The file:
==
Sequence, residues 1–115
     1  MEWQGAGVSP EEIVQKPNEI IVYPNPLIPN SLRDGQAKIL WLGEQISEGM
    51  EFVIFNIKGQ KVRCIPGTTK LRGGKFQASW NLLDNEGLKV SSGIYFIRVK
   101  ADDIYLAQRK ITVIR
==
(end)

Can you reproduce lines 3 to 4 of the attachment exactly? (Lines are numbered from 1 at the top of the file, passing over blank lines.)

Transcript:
    51  EFVIFNIKGQ KVRCIPGTTK LRGGKFQASW NLLDNEGLKV SSGIYFIRVK
   101  ADDIYLAQRK ITVIR